Which works out to about a 13, 14% decline, but now you have a higher yield. And that higher yield is there to stay. That yield can go higher, the price goes down more, or that yield can go lower, and you’ll get some price appreciation. So unfortunate, short term, but one of our bond managers said bonds are back. Like with a big smile like bonds actually can help you hit your goals and objectives now. You can get 5% in a fairly conservative bond fund these days. And a lot of financial plans don’t need much more than 5, 6, 7% return, and when it conservative bond fund can get you 5, you’re starting to have a pretty good setup. So you don’t think this is the start of some long-term bear market in bonds. No, no, definitely not. But why are yields up this year, Bob? It’s inflation and the fed raising rates combined with just the risk off environment. There is a lot to it, but so bond investors do, all investors, look at the real return, the return of inflation. So when inflation is low, a top line nominal lower return is acceptable and inflation is high. We have enough some people would say, yeah, but 5% return on bonds that’s not great when inflation is running at 8% and I’d say you’re right except for we’re not expecting it to be at 8% annualized for the next 5 years. So elevated inflation and the fed raising rates. So short rates are in the threes now. Even 4’s from them pushing up rates. So they’re moving the market. So have bond investors or have people been selling institutions been selling bonds in an environment like this? It’s more just the adjustment in that when the fed raises rates, like raises the fed funds rate to 3% – 3.5%. The market adjusts – who’s going to buy a ten year treasury at 2%, no one. So just the price just immediately pops up to what’s an inverted yield curve right now. So even a little below, like a 6 month or a two year treasury. So what’s the risk to investors or for us, and I guess in terms of being wrong about the bond market, you know, starting to become more attractive and that this isn’t the beginning of a prolonged, ugly stretch for fixed income. Is it that rates continue to go up and inflation really doesn’t come under control for a while? Yeah, I mean, the risk you are getting down a scary path. It’s a death spiral. The main issue with higher rates is we’re talking about the US Treasury market. And the treasury has, I think it’s around $30 trillion in debt outstanding. And you start plugging through that at a 4% rate, which is around where yields are now. That’s $1.2 trillion in debt service. And $1.2 trillion in debt service. I think personal income tax receipts so you take all personal incumbents, it’s either it’s $2 or $3 trillion. So you take all the taxes, everyone pays on the country and if it’s two or three and 1.2 of it goes to debt service, if you start playing that, where treasury yields go up even more, that math gets ugly quickly. So you’re saying the risk isn’t necessarily that rates keep rising unchecked. It’s that higher rates could lead to defaults, basically. Yeah. Yeah. I mean, that’s financial stability risk. And the fed is inducing these higher rates and they do not want to bankrupt the country. You don’t think that’s going to happen, but I did ask you what’s the risk in terms of the bond thesis not playing out. Correct. Yeah, gotcha. Okay. And you touched on this at the beginning with what’s going on in England, which I did want you to explain a little bit more. It seems somewhat mind boggling and a headline that kind of crossed out of the blue in terms of their currency crashing and them reversing course on some tax policies, what does it mean for investors or is it just noise? It’s mainly just noise, also just a sign that markets are a little finicky right now, like something that shouldn’t be a huge deal you wouldn’t think, cutting tax rates on the top bracket by 5% from 45 to 40 the market panicked. Is that because it’s an inflationary move in a country that’s already dealing with high inflation? Yes, that and also it’s the bond market that reacted. So the bond market, as a bond investor you’re asking yourself, am I going to get paid back? And you just, by reducing taxes, you just cut your income as a country, your inflows are lower.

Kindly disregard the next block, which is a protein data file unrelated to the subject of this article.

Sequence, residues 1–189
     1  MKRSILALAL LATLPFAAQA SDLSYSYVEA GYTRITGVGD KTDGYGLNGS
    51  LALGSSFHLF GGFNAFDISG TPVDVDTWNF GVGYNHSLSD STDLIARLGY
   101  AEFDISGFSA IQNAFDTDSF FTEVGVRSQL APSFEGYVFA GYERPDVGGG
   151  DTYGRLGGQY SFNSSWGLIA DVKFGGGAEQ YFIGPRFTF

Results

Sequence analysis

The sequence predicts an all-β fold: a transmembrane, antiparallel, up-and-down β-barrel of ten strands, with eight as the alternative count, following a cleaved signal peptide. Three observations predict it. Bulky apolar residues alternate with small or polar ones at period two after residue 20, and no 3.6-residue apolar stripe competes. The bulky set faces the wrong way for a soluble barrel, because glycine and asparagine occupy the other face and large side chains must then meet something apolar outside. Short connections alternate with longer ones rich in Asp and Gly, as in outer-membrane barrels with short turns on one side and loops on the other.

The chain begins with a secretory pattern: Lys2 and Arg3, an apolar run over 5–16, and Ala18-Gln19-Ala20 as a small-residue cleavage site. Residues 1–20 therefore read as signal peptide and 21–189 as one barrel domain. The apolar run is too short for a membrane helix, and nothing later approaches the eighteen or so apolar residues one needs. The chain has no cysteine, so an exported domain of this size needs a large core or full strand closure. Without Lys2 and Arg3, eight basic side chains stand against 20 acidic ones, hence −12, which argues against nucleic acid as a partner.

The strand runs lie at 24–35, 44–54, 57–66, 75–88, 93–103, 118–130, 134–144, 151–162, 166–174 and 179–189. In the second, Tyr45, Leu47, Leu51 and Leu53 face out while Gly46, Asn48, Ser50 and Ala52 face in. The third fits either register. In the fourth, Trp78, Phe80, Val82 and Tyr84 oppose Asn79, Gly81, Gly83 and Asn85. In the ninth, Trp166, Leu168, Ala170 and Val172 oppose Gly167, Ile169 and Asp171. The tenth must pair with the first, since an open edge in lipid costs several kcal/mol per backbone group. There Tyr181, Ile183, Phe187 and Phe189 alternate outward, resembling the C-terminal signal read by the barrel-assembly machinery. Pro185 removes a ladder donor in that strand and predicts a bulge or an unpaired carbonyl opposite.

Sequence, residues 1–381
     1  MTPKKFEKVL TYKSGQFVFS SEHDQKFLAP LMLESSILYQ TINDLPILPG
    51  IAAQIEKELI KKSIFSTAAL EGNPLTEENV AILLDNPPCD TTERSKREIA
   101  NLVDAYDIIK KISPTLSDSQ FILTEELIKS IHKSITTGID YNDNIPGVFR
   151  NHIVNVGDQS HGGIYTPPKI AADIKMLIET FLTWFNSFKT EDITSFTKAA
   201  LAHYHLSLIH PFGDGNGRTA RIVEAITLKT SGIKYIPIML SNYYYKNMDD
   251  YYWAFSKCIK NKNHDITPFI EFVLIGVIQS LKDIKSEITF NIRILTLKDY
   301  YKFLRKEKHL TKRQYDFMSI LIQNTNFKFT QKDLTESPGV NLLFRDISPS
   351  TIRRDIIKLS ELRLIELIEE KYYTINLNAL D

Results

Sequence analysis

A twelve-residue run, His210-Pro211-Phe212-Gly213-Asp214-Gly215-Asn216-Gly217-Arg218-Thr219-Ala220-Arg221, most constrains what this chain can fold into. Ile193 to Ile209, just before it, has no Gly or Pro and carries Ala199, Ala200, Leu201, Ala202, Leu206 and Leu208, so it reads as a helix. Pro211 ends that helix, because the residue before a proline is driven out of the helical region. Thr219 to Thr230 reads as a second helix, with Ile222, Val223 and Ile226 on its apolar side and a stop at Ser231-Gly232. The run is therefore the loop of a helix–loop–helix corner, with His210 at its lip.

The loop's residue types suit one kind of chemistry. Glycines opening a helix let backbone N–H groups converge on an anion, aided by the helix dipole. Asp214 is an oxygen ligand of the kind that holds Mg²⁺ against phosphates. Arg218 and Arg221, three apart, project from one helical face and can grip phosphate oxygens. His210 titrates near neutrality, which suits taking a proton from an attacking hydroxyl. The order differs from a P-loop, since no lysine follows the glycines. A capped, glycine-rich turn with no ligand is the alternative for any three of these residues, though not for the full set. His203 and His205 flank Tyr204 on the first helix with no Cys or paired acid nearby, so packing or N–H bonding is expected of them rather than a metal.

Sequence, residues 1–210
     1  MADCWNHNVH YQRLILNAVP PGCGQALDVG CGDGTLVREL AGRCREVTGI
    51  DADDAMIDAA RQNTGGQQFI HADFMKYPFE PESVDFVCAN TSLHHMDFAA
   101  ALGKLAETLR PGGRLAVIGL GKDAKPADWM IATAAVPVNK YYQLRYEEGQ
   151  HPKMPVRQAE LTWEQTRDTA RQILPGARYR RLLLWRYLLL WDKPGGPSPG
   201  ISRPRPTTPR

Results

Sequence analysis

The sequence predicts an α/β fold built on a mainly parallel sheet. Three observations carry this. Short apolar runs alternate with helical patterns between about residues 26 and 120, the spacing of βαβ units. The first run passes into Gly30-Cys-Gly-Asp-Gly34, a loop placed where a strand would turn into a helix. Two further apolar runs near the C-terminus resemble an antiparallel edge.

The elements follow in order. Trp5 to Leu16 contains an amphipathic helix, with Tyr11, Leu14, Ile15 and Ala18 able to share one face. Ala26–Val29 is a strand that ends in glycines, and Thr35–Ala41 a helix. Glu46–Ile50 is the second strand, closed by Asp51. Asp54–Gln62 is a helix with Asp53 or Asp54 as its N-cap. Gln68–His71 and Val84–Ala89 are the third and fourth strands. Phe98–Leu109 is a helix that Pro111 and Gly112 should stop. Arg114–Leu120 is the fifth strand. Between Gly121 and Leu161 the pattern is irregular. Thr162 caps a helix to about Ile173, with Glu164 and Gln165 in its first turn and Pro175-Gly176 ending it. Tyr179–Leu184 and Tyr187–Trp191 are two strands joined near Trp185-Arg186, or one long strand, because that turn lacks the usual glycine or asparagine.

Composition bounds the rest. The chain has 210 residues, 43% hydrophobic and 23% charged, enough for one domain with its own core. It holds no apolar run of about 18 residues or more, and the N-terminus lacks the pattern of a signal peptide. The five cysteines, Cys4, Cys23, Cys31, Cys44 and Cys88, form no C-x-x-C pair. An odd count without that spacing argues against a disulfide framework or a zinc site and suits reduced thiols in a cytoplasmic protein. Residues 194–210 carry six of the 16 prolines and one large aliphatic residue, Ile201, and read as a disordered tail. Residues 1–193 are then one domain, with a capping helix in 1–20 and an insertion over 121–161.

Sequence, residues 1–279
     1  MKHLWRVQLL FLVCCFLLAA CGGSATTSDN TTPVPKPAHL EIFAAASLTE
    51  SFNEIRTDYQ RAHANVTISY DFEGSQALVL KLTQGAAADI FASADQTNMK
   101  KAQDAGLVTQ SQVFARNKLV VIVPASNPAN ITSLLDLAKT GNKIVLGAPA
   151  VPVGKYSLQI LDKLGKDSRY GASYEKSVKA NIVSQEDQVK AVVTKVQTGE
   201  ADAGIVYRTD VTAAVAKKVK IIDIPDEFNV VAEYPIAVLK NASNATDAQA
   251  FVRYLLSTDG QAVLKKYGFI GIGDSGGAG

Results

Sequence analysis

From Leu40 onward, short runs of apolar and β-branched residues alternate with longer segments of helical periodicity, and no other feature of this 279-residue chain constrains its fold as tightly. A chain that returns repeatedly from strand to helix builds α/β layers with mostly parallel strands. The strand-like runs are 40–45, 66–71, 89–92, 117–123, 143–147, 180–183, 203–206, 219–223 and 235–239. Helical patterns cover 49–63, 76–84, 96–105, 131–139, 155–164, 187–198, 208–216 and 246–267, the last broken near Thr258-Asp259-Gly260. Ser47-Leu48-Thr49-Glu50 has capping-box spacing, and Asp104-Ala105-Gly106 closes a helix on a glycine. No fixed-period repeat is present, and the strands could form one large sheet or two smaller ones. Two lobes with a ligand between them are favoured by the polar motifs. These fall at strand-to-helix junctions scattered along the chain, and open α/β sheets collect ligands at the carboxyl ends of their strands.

00:20:11 – 00:25:06